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Friday, 4 September 2009

Do People Really Eat That???

PDF FileWhat's more to the point is what the Japanese government allows you to eat when it knows what's in it. Why do they turn a blind eye?
Over the last decade, there have been many independent assessments of the levels of toxic chemicals present in cetacean (whale, dolphin and porpoise) products in Japan. Peer reviewed scientific papers have revealed dolphin meat with mercury levels several hundred times higher than government recommended levels.

The contaminants in cetaceans occur primarily because of their position in the food web. They are an apex predator. This means they eat other members of their food web but are generally speaking, not in turn eaten by any other member of it.

Their consumption of fish and lower members of the food web in such high quantities means that whatever small contaminants effect their prey, are then digested in huge quantities. Pollutants from fertilizers, pesticides and combustion of fossil fuels all impact on the prey of these apex predators, and in turn are absorbed into their muscles, organs and fatty tissues.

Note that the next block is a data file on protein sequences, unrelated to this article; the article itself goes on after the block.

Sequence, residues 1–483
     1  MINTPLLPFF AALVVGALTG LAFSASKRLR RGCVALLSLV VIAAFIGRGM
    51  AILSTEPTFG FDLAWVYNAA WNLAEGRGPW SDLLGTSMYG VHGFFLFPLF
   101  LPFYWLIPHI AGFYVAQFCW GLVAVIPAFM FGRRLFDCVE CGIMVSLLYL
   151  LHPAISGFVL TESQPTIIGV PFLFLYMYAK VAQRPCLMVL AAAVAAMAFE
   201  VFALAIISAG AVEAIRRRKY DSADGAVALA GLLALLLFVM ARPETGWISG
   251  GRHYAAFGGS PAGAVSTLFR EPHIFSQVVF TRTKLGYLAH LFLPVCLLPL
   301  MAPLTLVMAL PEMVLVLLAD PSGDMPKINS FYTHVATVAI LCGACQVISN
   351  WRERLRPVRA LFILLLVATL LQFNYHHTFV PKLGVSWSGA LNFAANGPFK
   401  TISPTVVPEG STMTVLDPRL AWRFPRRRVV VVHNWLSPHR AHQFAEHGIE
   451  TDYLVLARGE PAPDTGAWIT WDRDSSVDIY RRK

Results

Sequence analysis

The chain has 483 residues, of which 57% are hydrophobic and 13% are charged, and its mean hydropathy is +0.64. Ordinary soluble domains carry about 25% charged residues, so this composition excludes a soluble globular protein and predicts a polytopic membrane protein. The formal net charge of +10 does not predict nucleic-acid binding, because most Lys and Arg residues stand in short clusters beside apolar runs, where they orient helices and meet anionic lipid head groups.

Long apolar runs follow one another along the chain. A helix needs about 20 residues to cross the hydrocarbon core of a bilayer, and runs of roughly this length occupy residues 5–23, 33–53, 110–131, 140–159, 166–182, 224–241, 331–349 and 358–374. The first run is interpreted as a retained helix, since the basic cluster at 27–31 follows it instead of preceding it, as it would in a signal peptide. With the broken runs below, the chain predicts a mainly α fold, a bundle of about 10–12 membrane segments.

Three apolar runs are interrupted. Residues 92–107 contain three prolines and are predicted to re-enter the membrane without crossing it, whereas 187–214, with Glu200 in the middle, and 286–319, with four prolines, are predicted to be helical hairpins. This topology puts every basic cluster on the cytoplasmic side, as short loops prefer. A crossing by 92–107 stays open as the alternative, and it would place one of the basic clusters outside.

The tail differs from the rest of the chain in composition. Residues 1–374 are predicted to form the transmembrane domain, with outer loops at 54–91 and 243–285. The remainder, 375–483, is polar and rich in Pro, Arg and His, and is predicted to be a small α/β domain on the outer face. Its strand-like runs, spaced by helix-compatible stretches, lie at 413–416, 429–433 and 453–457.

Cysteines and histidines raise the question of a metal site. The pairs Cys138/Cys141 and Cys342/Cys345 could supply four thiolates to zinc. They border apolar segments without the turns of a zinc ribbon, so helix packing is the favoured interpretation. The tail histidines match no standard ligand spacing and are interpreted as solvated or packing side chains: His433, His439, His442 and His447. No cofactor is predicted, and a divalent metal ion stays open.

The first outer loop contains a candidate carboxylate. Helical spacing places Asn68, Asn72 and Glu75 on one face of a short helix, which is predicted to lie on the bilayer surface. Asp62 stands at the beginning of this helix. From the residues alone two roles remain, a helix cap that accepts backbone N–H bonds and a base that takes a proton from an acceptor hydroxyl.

The attached report serves as scientific evidence to support the conclusion that cetacean meat is not only harmful, but down right dangerous to human health. It also demonstrates that whilst the Japanese government have regulations in regard to contaminant levels in their food, they are disregarding them when it comes to whale and dolphin meat!

You only have to Google Minamata to understand that Japan really, really should know better.


waltersmom said...

I thought I saw a documentary on CBC asking about how many people in Japan actually eat Whale meat, I'm sure it said something like approx. 10% of Japan's population has eaten whale/dolphin meat in their lifetime. If that's the truth, then why is there even a market for it?

Unknown said...

The reality is that even less than that have ever eaten whale meat or ever will. The number is actually between 1 and 5%, and even then that is taking into account that the Japanese government made it part of a compulsory school meal.

Currently 4,000 tonnes of whale meat sits in a huge frozen repository, unwanted and uneaten.

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